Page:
At the end of the last post, I briefly touched upon the idea of composing and decomposing numbers 11 through 19. This idea is discussed in both Kindergarten and Grade 1.

K.NBT.1 Compose and decompose numbers from 11 to 19 into ten ones and some further ones, e.g., by using objects or drawings, and record each composition or decomposition by a drawing or equation (e.g., 18 = 10 + 8); understand that these numbers are composed of ten ones and one, two, three, four, five, six, seven, eight, or nine ones.

1.NBT.2 Understand that the two digits of a two-digit number represent amounts of tens and ones. Understand the following as special cases:

b. The numbers from 11 to 19 are composed of a ten and one, two, three, four, five, six, seven, eight, or nine ones.

c. The numbers 10, 20, 30, 40, 50, 60, 70, 80, 90 refer to one, two, three, four, five, six, seven, eight, or nine tens (and 0 ones).

What is important to note here is the slight difference in these two standards. In Kindergarten, students are thinking of numbers 11 through 19 as "ten ones and some further ones" while in Grade 1, students need to develop an understanding of 10 as "a 'ten.'" In other words, in Grade 1, students need to develop 10 as a unit - at the same time it is a collection of ten ones. Research has shown that this understanding is a major shift, and some might argue that this expectation is not developmentally appropriate for most first graders. Children can easily learn to recite the number word sequence, "ten, twenty, thirty, ... ninety," but just as simply reciting "one, two, three, four, ..." does not necessarily indicate an understanding of numbers, the ability to recite the decade number words in order does not indicate the understanding of ten as a unit (1.NBT.2.c).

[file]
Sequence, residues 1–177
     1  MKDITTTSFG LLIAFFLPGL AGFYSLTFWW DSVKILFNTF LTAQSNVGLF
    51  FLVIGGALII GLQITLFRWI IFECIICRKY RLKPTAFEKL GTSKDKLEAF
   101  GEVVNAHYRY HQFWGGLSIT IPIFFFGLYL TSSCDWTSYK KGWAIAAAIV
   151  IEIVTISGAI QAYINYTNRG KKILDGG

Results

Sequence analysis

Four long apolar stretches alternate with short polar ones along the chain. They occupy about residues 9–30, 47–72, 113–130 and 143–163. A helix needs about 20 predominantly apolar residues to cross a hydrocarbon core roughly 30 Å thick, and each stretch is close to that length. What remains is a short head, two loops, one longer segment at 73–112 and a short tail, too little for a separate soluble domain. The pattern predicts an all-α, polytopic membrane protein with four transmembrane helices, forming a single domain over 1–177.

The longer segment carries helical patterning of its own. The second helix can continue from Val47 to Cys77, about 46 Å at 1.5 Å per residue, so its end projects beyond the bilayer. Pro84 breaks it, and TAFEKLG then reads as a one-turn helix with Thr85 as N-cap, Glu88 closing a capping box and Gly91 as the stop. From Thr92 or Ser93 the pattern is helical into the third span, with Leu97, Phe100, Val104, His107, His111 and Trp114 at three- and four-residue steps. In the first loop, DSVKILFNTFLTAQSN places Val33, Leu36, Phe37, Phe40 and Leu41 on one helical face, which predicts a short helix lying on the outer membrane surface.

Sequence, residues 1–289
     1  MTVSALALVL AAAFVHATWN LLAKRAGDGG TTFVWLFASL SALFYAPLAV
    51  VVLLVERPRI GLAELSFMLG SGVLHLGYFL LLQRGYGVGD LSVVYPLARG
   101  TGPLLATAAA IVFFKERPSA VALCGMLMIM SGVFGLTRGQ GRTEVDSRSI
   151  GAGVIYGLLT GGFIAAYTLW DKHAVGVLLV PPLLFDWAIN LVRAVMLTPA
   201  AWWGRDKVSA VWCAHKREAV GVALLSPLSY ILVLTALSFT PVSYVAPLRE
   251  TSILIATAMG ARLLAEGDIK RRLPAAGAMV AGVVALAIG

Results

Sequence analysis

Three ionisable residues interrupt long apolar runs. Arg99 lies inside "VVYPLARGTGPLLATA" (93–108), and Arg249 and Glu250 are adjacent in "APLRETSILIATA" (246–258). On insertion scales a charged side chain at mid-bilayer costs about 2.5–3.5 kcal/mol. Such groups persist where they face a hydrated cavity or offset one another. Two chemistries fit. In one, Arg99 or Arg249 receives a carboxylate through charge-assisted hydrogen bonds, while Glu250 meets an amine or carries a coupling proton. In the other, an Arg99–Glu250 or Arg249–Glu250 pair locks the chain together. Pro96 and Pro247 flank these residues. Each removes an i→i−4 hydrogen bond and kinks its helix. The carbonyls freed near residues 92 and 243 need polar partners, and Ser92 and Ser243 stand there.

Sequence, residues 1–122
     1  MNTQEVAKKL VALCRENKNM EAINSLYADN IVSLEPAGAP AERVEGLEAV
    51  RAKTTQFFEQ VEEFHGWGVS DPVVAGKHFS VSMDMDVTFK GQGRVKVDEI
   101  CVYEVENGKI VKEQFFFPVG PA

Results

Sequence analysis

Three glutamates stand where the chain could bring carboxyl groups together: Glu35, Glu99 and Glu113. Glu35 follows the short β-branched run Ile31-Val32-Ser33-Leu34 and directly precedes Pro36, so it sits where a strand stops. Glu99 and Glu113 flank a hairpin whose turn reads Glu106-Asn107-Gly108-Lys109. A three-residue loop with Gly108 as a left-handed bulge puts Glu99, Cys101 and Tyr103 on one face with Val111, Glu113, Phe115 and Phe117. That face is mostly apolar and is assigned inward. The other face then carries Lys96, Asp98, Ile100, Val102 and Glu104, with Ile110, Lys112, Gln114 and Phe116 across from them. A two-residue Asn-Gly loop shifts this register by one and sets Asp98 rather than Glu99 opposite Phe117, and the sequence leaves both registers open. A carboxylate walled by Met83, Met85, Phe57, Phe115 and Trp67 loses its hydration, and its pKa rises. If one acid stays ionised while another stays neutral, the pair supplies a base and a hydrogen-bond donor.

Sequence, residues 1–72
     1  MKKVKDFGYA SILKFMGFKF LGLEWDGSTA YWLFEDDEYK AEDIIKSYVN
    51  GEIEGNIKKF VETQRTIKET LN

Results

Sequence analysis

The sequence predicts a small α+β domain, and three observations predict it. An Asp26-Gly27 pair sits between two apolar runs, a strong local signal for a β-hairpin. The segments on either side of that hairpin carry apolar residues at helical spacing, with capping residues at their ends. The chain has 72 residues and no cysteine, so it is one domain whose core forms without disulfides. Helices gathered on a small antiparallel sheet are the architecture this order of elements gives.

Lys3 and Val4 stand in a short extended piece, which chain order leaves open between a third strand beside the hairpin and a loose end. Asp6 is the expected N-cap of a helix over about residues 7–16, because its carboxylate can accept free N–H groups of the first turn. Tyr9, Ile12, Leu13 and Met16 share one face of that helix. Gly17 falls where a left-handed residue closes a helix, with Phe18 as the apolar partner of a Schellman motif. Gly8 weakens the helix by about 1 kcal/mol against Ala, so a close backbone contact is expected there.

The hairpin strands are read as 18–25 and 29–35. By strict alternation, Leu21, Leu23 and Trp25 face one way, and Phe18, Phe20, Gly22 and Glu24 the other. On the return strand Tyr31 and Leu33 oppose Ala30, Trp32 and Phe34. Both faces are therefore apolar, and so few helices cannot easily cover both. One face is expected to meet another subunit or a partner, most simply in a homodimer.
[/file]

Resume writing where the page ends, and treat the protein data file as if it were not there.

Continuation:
In historical numeration systems, the idea of grouping by 10's, 100's, etc. appears fairly early. In those systems, 20, 30, 40, ... were recorded with multiple symbols of 10's instead of saying how many 10's. Even in the systems that utilized place values like the Babylonian System, 20, 30 , 40 were recorded with multiple symbols of 10's just as simpler additive systems did. Thus, even in those systems, 30, for example, meant 10+10+10, not three 10's (or 3x10). This shift, although it might look rather simple for those of us who already understand the base-10 numeration system, is not that obvious for children. For them, "10" doesn't naturally mean 1 tens and 0 ones. Rather it is just like a word "cat" spelled with multiple letters. "10" is just "ten" spelled with 2 numerals "1" and "0." Thus, it is not logical that twenty should be spelled as "20" - even if they understand twenty is made up of 2 tens. After all, there is no logical connection (in how they are written) going from 1 to 2 ones. Although this standard puts this understanding of ten as a unit in focus, we should keep in mind that students will not develop this understanding in one single lesson. In fact, this understanding will probably take months to develop - perhaps stretching into Grades 2 and 3. We should keep this in mind as we look at other NBT standards in Grade 1 - they are, in part, serving to achieve this standard even though their focus may be elsewhere.